Dallas shooting rocks nation’s police forces

The flags at the courthouse flew at half-staff after the police shootings in Dallas. (Bruce Branum | The Standard)

The flags at the courthouse flew at half-staff after the police shootings in Dallas. (Bruce Branum | The Standard)

TORI J. NORRIS | The Greenville Standard

 Thursday was one day that will go in history, and not for a good reason.

A peaceful protest in Dallas quickly turned deadly when a single gunman, who was later identified and killed by law enforcement, turned it into the deadliest attack on police officers since 9/11. Protesters were showing their frustration of the many recent killings of black men by police.

With the deaths of five officers, and seven other officers and two civilians being wounded, many people are worried about what the effects will be on the rest of the country.

Since the shooting at the protest march, there have been attacks on cops in at least three other states.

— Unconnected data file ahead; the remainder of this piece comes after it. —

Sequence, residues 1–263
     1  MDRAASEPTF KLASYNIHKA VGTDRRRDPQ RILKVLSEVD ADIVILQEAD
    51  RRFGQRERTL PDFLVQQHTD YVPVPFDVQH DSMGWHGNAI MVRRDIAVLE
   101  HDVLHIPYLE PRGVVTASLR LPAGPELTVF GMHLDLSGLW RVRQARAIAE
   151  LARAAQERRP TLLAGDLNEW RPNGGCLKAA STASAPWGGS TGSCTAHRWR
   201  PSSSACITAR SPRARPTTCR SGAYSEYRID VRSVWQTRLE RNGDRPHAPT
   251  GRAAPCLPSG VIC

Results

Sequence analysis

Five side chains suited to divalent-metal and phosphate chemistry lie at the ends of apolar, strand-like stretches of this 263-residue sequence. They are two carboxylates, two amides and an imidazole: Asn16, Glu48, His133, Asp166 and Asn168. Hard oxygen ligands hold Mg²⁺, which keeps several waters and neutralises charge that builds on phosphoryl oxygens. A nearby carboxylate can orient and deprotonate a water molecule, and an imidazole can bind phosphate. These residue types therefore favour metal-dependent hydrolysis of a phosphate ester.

Sheriff Kenny Harden said Thursday was a sad day for law enforcement.

“I am really not sure what to say,” said Sheriff Harden. “We just need to pull together, law enforcement and community, and figure out a way to put a stop to it.”

Currently, deputies of the Butler County Sheriff’s Department wear body cameras.

“We are also upgrading our car cameras as well,” said Sheriff Harden. “With Butler County being near the interstate, we come in contact with all kinds of people. We just have to stay on top of things and be careful as well as use good common sense.”

U.S. Representative Martha Roby (R-Ala.) released a statement Friday following the shootings. “I’m horrified by the massacre in Dallas. The deliberate, premeditated targeting of police officers is a despicable, unconscionable act that simply should not happen in America.”

She also shared her grief with the Dallas community and the families of those who have fallen and those who were killed by law enforcement.

“No one wants to stop these terrible incidents and restore all Americans’ confidence in the police more than the good men and women of the law enforcement community themselves. Right now they need our support and appreciation for putting their lives on the line to keep our communities safe.”

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